Employers reveal the little things successful people do in interviews to get the job
When you’re rejected from what you think is your dream job, it can be crushing and hard to know what really went wrong in your interview – was it something you said?
Often when you ask for feedback – much like when you ask an ex why they’re breaking up with you – they fob you off with a lie to soften the blow.
But now hiring managers are revealing what successful employees did in their interviews that made them get the job.
Sometimes it’s a case of packaging seemingly unrelated experience in an impressive way, as one employer described in a Reddit forum.
An extremely qualified candidate came in for interview, but he’d listed a previous employer as “the Atlantic Ocean.”
When questioned about it, the candidate responded: “I was a fisherman for two years, and moved around a lot. I met a lot of great people, and learned a lot, but I hated it. I didn’t get to think through complex problems, and I wasn’t really helping anyone.
“It’s what convinced me to get my PhD. I didn’t want to leave that part of my work history blank, and I find that it’s better if I bring it up, since it’s the driving force behind where I am today.”
And this honesty hugely impressed the interviewer, who said that he went from thinking “This guy seems weird,” to “Damn, I have a lot of respect for him” in 30 seconds flat.
It can be tempting to try and blag your way into a job – they do say ‘fake it till you make it’, after all – but many employers believe honesty is the best policy.
“I asked him if he had experience in a specific area of the field and he said ‘Not really, no. Sorry.’ All other potential hires said yes and, on closer examination, did not at all,” one manager explained.
“‘Not really, no’ got the job because we knew he wouldn’t bulls*** us.”
Being honest can reveal a lot about your personality and make it clear you’re not a robot. And another way to make yourself memorable is through comedy.
When one man was asked: “Do you have any experience with kids?” He responded: “I was a kid once.” The employer found it so funny that he hired the man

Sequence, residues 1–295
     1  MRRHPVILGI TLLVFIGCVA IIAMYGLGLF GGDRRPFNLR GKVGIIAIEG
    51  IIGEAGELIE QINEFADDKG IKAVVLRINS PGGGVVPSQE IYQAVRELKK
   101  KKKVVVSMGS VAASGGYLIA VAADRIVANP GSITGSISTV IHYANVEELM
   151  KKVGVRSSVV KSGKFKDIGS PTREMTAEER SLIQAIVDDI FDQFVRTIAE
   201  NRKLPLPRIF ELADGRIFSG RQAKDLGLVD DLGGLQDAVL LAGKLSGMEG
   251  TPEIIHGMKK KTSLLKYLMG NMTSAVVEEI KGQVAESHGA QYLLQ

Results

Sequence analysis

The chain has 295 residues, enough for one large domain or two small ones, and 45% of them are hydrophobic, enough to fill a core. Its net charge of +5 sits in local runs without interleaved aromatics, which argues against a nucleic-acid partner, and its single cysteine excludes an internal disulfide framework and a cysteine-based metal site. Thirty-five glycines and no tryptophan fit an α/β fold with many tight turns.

But although humour can work on some people, others might consider it unprofessional and inappropriate, so it’s a risky strategy.
Something that should never backfire, however, is being a decent and polite person. Whether you help your employer with a technical problem they’re having or simply let someone else into the lift before you, it’s important to remember that the interview really begins before it begins.
One person explained just how important this can be:
“In a company that I used to work for, interviews were scored. The candidate got points for education, experience, interview skill etc. There were always five points for ‘receptionist.’
“Quite simply the receptionist out the front would be able to give a mark out of five.”
If a person rudely said to the receptionist: “Mr Smith is expecting me” while talking on the phone, he would probably score zero.
One candidate was once scored 10 by the receptionist: “As the guy got out of the lift, a staff member got out in front of him and dropped her load of files she was carrying. The guy immediately stopped, helped her collect everything, and helped her tidy stuff up.
“Then when he was in the reception waiting area, the coffee man came by (he comes by every day to see if anyone wants to buy coffee). The candidate asked the receptionist what the staff member’s name was, and arranged for her to be sent a coffee.
“He got the job. He also got the girl, whom he is now married to.”
A wife and a job all because of good manners? Not a bad day.